Within a very short time, however, I was completely won over. The iPad not only replaced my Kindle when I got tired of carrying two tablet-type devices around but it also largely replaced my MacBook Air. The combination of incredible battery-life, instant on/off and built-in mobile data meant that it proved a far more useful and powerful device for most of the things I did when on the move. I even ended up writing a good chunk of a novel on it.
Today, the 12.9-inch iPad is one of my all-time favorite devices. I just love the fact that it combines a really decent-sized screen in a form factor that feels pretty much as portable as the original 9.7-inch model.
I have to give a particular shout-out to the Brydge keyboard. That does a very convincing job of turning the iPad into a laptop for many jobs and really turns it into a much more flexible device for me. Slip the keyboard on, and I can use it to write a long-form article or blog post; slip it off, and I have a lightweight entertainment device.
The Apple Watch
I was convinced this was a solution in search of a problem. Today, I’m kind of torn in how to describe the impact it’s had on my life because on one level it’s a very trivial one: it essentially ended the need to get my iPhone out of my pocket quite so often. But the sheer convenience of simply glancing at my wrist to see a message, a reminder, an appointment … and to pay for things simply by holding out my wrist – that actually adds up to a far bigger difference than might be suggested.
So yep, this one makes my list of favorite Apple products.
The HomePod is another surprising one. Hifi had long been something I prioritized, even when I really struggled to afford the system I wanted – and the HomePod isn’t hifi. When I want to sit down to actively listen to music, I’ll still fire-up the Naim mu-so (since my elderly Beolab 6000 speakers finally died after more than two decades of daily use, and proved to be beyond economic repair).
But for casual and background listening, the HomePod won me over for a combination of fantastic convenience – just ask for what I want to listen to – and ‘really good’ quality. We now own five of them.
This brings me to the first of two Apple services which make the cut (or three, if we count Apple Pay separately from the Apple Watch, above)…
I remember the first time I spoke to someone who had Spotify as their only source of music – they didn’t own any music. They seemed entirely content with this, while I was horrified. I simply couldn’t imagine not owning my music. I’d carefully cataloged it when it was on CD, and spent many, many, many hours sorting out album art and metadata when I first started using iTunes.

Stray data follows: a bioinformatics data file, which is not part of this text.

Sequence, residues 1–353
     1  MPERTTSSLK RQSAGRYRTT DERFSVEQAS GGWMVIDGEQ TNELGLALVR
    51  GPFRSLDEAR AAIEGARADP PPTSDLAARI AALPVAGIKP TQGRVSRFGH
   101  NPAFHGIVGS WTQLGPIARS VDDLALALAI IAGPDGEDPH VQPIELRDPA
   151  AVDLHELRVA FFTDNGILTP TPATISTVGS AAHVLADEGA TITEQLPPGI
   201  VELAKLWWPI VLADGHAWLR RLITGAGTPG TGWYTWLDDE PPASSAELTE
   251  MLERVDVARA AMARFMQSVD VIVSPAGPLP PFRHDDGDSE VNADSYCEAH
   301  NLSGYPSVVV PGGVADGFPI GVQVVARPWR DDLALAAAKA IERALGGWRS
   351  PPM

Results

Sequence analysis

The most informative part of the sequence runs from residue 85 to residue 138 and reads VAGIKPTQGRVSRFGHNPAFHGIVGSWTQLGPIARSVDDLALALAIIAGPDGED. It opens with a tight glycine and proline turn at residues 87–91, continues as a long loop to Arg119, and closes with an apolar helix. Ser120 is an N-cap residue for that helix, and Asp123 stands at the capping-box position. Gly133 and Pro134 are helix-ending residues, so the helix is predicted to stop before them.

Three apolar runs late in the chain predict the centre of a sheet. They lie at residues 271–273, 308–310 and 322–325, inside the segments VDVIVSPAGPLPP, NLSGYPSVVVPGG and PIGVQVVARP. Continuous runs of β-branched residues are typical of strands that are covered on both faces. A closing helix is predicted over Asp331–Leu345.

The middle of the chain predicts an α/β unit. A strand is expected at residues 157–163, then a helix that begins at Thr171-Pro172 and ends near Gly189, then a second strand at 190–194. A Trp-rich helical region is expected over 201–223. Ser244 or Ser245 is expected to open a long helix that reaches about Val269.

These days, though, not owning music no longer seems radical. There are times when I want to listen to my old favorites, and where there are particular versions of particular songs I want to hear – but at least 90% of my listening today is to Apple Music.
Ok, this is the least exciting of my favorite Apple products, but it has earned its place. The Apple ecosystem is a huge part of the appeal of Apple products, and iCloud – for all its faults – is the glue that binds it all together.
The ability to start writing something on my Mac in the office, continue working on it on my iPad on the move and then finish it on my Mac; reading and replying to iMessages on whichever device happens to be most convenient, from Apple Watch to Mac; knowing my iPhone is continually and automatically backed-up without any action on my part; taking a photo on my iPhone and having it quickly available on my iPad and Mac; being able to locate a lost or stolen Apple device, and remotely wipe it; saving a website login on my Mac and being able to use it on my iPhone and iPad; having my calendar, contacts, and notes available to me on any device; and so on.
What about the iPhone?
It’s Apple’s most important product, but honestly the least important one to me personally.
The most important one to me is my Mac – still meeting Steve’s definition as the center of my digital world – very closely followed by my iPad.
Sure, my iPhone is often the most convenient device for quick and easy tasks, but for anything that will take longer than a minute or two, I’ll tend to pick up my iPad instead. If I had to substitute a basic phone for my iPhone, I’d cope with that way better than substituting another tablet or laptop. So no, for me, the iPhone doesn’t make my list.
So that’s my list of favorite Apple products – what are yours? Please share in the comments.